sarahblack: (Haaapppeee Audrey)
[personal profile] sarahblack
There really is nothing quite like staying with my grandmother and Lindsay in their house in the Middle Of Nowhere, Australia.

You never know when some interesting animal might decide to pop over for a visit. My grandmother likes to feed the goana lizards that live in the neighbourhood, and they will come up to the porch and practically eat right from out of her hand.


Spiders, roaches, centipedes and enormous moths (I genuinely thought I was seeing a bat the first time I saw those creatures) sometimes wander inside the house, enticed by the light and the warmth. At night it can be quite cold, so these creatures are usually skulking around the house early in the morning. Þorri has been very brave, spraying them with insecticide as if he's never done anything else his whole life. I like observing the really big spiders. When they are undisturbed they move very slowly and deliberately - often not moving at all. When you surprise them they scuttle around like mad!

If you're lucky you will see geckos hunting little moths on the outside of the bathroom window as you brush your teeth at night. They're not terrible good at it, but sometimes you see them catch their prize. Then you can observe them happily munching away for a while.

You must be very careful when you open the sliding door on one side of the house. Frogs like to live in the tiny space between the wall and the door, and when you open it they sometimes fall on your head! It happened to me when I was innocently going about the business of cleaning some windows.

If you find yourself out and about around sunset, you are likely to spot kangaroos. We saw a few the other day when we were driving into town where we were invited to dinner. It's important to drive carefully at this time of day. Those who don't leave dead kangaroos as evidence behind them on the road.

When you take laundry outside to dry you can expect it the clothes to be completely moisture-free by the time you want to hang up the next load. My grandmother says she doesn't like to leave laundry hanging too long if she can help it - the colours can get bleached by the sun! The weather is perfect for drying clothes as it is generally hot and dry, with a breeze. It's been 25 - 32°C for the most part. But as I already mentioned, it occasionally becomes rather colder in the night. When summer arrives the temperatures will rise.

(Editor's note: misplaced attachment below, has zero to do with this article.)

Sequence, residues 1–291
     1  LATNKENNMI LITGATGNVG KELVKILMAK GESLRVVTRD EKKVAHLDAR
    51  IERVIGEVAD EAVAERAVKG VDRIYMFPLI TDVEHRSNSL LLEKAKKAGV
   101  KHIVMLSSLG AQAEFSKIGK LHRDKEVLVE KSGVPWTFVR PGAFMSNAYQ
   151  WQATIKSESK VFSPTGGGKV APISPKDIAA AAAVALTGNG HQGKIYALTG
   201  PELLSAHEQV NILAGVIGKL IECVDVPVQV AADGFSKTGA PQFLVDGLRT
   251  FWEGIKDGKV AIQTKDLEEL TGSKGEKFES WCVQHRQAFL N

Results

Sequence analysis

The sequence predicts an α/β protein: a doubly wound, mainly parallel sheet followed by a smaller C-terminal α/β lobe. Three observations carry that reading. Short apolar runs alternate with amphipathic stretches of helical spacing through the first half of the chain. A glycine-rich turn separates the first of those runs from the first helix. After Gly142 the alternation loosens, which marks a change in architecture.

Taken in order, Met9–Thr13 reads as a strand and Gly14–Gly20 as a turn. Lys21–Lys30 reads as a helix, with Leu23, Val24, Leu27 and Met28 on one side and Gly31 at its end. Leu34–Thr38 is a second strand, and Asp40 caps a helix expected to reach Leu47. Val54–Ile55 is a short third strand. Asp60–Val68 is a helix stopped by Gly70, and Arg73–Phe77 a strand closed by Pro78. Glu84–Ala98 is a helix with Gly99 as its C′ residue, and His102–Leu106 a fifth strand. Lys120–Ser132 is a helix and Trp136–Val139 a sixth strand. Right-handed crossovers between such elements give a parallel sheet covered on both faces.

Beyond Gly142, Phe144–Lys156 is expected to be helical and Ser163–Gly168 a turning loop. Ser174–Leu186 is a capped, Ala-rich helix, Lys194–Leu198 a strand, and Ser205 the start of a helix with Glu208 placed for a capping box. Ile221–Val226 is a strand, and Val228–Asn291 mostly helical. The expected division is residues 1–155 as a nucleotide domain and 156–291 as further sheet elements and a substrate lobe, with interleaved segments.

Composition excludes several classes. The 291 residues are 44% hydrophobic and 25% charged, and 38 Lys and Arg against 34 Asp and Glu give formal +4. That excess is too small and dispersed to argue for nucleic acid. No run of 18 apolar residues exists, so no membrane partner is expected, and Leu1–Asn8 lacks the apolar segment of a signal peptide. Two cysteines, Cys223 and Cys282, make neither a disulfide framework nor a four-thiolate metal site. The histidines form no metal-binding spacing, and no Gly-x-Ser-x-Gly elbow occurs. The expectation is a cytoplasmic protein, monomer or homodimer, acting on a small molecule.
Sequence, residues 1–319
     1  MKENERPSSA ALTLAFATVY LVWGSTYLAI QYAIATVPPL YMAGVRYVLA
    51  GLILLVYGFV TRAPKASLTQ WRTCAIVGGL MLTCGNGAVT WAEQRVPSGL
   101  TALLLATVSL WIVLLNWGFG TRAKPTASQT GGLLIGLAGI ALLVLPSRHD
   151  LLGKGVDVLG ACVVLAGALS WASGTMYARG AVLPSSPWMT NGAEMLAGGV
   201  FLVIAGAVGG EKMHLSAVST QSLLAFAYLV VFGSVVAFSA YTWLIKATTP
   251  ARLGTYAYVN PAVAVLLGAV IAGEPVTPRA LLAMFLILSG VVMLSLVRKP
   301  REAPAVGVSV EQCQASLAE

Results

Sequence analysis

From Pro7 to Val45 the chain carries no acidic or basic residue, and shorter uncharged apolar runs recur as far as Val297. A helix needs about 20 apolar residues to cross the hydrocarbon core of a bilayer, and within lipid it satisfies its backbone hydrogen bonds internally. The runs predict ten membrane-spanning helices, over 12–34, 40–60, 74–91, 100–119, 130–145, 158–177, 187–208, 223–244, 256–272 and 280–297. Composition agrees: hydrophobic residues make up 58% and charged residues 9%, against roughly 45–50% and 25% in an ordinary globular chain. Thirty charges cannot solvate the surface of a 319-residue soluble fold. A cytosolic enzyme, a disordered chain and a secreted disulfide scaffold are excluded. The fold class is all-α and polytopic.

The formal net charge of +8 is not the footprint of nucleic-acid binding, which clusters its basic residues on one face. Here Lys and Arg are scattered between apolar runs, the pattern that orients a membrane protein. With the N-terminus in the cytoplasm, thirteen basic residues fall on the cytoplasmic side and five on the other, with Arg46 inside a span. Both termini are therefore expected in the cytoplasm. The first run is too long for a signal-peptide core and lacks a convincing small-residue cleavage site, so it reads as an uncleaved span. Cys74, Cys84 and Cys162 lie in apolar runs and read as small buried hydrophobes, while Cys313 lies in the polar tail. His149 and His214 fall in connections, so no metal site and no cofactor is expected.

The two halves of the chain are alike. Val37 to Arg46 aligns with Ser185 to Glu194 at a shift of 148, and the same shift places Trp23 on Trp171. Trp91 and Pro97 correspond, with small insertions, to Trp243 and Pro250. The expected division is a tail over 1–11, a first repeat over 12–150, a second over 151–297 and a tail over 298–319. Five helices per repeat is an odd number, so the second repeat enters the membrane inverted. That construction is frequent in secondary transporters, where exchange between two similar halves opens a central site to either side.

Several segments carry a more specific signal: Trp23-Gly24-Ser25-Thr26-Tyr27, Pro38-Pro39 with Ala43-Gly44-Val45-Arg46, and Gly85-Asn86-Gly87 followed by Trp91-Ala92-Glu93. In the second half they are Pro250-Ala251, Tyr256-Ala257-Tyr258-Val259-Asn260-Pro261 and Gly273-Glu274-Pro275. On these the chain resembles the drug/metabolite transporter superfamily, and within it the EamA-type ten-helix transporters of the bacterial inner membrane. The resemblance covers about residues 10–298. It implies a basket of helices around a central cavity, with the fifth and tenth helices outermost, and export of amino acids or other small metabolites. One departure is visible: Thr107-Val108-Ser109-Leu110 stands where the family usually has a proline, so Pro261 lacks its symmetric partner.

In the evenings, before dinner, a glass of bubbly with some strawberries thrown in is not an uncommon sight. (Beers, or even glasses of Gin and Tonic can sometimes be spotted by the keen observer.)

Avid readers will find themselves in paradise. Books full of murder mysteries, politics, history, Australian wildlife, Icelandic geography, famous literature, short stories, poetry, photographs and anything you could possibly want to read about, abound.

Would-be farmers would be happy here. Last week we were invited to go with Lindsay to the University of Sydney Plant Breeding Institute to observe the annual Field Day. This consisted of eating delicious barbecued food and looking at a lot of wheat. We heard Lindsay give a talk on the history of the different wheat species that the University of Sydney has been involved in breeding, and heard about a lot of different research projects that Ph.D. students are working on. Wheat is being made to need less water, resist disease, resist heat, become more nutritious and generally do whatever we want it to do. It's fascinating!


On Saturdays a market springs up alongside the river in Narrabri - perfect for bargain-hunters. This weekend Þorri and I went with my grandmother to have a look. There was a man with an ice cream machine! He put scoops of vanilla ice cream inside, along with a scoop of raspberries or strawberries or whatever kind of berry that you wanted, and out of the machine came perfect berry flavoured soft serve ice cream! I want one of those machines.

I bought honey from a nice lady who first tried to get me to taste all the different kinds of honey she had for sale, and Þorri bought a lovely straw hat. (No-one tried to make him taste all the hats first.) My grandmother bought some beautiful flowers.

Life in the country is definitely something special. Plenty of animals and plants to keep you company, books to read, naps to take, bubbly to drink and all kinds of activities to keep you occupied.

For example, tomorrow me and Þorri have been invited to see the cotton crops get planted. I've never seen anything like that. (Iceland is not exactly famous for its agriculture.) Apparently there will be huge machines involved. I just hope my hey fever doesn't give me too much trouble.
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Sarah Black

March 2015

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